The 400-Word Review: The Light Between Oceans
By Sean Collier
September 6, 2016
Jeez, this movie.
This nonstop, relentless depression parade of a film.
So, it’s a romance with Alicia Vikander and Michael Fassbender in the lead roles, right? And they’re great performers, and obviously they make a handsome pair, so you think, “Hey, a grown-up love story - that’s a nice change of pace.” And maybe you’ve got a date night coming up, so you buy tickets to see these good-looking people fall in love. Because that’s Hollywood, right? That’s part of why we go to the movies.
But no — this is no Nicholas Sparks tale of love and redemption. This is a tactical emotional assault.
See, they live on this tiny island off of the Australian coast; he’s the lighthouse keeper. (Yeah, I thought that cliche was dead, too.) And they’re very much in love and there are montages of them just loving the hell out of each other. But she wants a baby, so they get going on making a baby.
The sex scenes are so-so. I know you wanted to ask.
But over the course of like 45 minutes, she has two miscarriages. Both scenes are harrowing. And it doesn’t look like she’ll be able to have a baby. When all of a sudden, a boat lands on the island with a dead guy — yes, a dead guy — and a still-living baby in it. And Fassbender has the right response, which is something like, “Umm, we should probably tell people that a corpse and an infant were just coughed out of the sea,” but Vikander is all “Yeah but I want this baby though,” because her damn character is nothing but a crazy, baby-needing mad woman.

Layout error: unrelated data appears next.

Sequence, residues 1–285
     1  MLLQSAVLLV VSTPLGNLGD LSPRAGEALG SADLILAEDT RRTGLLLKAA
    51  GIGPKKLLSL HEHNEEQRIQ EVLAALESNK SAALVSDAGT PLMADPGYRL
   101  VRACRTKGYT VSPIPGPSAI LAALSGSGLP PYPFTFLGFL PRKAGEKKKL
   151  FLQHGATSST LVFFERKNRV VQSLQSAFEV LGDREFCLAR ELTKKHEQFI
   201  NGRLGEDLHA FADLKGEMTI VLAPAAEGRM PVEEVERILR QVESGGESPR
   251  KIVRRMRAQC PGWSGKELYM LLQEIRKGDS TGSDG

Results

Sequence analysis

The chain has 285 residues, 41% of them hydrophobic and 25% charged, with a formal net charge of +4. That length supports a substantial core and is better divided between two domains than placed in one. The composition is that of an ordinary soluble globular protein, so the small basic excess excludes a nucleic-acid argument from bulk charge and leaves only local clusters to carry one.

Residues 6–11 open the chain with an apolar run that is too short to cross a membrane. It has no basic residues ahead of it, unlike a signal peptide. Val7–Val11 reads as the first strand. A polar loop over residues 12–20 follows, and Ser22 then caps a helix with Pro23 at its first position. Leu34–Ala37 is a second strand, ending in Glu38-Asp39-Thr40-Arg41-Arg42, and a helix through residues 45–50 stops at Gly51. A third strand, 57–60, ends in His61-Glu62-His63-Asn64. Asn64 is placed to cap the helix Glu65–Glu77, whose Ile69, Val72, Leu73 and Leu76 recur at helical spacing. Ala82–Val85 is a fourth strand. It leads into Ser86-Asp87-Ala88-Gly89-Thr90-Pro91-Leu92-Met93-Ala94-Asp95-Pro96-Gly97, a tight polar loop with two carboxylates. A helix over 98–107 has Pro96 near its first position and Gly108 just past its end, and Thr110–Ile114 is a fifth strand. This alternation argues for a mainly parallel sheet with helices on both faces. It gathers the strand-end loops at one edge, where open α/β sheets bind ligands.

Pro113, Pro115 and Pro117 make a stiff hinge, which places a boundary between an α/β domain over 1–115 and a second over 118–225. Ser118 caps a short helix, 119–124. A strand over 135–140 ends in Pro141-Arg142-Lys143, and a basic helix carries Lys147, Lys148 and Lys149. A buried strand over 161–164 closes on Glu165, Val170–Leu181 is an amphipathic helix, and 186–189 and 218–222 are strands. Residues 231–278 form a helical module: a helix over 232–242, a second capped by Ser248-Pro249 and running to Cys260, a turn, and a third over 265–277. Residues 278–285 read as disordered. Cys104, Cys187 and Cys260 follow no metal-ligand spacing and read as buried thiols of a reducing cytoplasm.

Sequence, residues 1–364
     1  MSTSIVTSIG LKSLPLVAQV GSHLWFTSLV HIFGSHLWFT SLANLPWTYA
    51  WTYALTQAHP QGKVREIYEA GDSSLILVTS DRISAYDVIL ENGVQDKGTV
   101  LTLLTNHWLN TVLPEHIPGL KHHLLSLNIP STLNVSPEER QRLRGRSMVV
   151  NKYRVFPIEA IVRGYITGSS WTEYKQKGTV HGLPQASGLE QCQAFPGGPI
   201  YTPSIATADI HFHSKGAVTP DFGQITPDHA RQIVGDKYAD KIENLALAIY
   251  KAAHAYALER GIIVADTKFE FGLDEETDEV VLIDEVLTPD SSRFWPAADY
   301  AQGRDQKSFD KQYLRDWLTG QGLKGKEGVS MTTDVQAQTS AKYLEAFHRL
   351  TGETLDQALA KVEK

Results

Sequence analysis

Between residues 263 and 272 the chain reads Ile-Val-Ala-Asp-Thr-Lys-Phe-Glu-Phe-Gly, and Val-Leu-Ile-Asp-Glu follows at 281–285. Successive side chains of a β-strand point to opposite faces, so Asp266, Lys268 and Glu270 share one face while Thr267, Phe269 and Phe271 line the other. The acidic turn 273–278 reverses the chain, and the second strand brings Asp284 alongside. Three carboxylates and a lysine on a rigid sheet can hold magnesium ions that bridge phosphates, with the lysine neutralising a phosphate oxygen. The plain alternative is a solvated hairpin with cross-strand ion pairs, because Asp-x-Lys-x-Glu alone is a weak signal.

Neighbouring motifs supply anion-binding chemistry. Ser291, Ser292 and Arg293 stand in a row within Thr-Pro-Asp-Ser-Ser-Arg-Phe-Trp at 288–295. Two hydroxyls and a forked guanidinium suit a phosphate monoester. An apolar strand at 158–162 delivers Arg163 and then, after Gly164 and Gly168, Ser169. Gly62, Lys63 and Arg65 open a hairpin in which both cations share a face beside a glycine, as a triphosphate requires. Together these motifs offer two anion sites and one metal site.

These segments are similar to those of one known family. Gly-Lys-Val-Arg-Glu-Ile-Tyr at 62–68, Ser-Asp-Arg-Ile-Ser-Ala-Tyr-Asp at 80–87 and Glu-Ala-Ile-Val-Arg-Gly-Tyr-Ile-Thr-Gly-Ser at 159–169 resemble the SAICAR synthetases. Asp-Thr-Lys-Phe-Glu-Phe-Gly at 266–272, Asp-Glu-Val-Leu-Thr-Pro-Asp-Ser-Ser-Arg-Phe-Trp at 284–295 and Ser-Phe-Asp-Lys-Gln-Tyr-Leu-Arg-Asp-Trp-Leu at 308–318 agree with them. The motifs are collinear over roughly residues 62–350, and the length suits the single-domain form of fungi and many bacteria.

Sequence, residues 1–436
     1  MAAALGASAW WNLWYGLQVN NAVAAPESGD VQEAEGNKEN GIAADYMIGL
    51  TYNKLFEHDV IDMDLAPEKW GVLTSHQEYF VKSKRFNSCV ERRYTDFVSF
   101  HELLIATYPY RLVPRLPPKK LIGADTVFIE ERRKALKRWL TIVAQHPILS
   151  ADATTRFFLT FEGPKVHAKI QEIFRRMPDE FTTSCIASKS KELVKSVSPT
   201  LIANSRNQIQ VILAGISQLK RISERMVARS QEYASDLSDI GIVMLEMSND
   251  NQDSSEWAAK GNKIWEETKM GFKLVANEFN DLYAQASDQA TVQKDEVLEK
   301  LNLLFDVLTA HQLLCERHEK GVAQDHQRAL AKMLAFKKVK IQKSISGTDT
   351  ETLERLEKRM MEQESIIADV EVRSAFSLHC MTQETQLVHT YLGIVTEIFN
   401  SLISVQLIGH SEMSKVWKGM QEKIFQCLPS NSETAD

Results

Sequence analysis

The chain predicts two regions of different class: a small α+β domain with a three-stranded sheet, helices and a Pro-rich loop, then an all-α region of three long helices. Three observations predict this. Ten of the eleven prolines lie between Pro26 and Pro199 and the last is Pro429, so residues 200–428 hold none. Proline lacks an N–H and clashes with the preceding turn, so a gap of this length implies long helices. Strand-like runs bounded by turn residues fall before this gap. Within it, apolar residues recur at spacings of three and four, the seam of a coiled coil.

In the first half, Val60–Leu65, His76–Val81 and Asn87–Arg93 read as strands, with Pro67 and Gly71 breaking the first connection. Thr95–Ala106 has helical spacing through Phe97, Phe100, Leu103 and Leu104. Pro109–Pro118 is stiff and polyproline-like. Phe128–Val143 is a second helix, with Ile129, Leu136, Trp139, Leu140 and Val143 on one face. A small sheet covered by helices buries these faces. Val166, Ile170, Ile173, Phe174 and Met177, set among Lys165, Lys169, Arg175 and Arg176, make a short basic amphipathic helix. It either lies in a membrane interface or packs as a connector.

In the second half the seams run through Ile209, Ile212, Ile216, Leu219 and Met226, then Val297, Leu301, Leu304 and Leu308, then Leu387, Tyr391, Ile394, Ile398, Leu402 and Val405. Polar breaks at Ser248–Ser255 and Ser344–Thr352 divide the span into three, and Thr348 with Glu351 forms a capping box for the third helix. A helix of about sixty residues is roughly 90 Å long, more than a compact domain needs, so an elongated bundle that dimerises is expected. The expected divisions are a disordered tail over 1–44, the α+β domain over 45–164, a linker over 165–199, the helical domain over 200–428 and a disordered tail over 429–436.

Why yes, it is problematic.
Look, in case you end up accidentally watching this on a plane or something, I won’t spoil anything from there, but let me say: It gets so much more depressing. It’s as if they sat down and tried to figure out the most depressing plot development that could occur at that point, then went with it, then moved on to the most depressing possible result of that, and so on and so on until you’ve been there for two hours and 15 minutes.
Yeah, two hours and 15 minutes.
I mean, the acting is good, and if you really love pretty pictures of lighthouses, this movie has plenty of them. But who needs the sadness? Seriously.
My Rating: 5/10
Sean Collier is the Associate Editor of Pittsburgh Magazine and a member of the Broadcast Film Critics Association. Read more from Sean at pittsburghmagazine.com/afterdark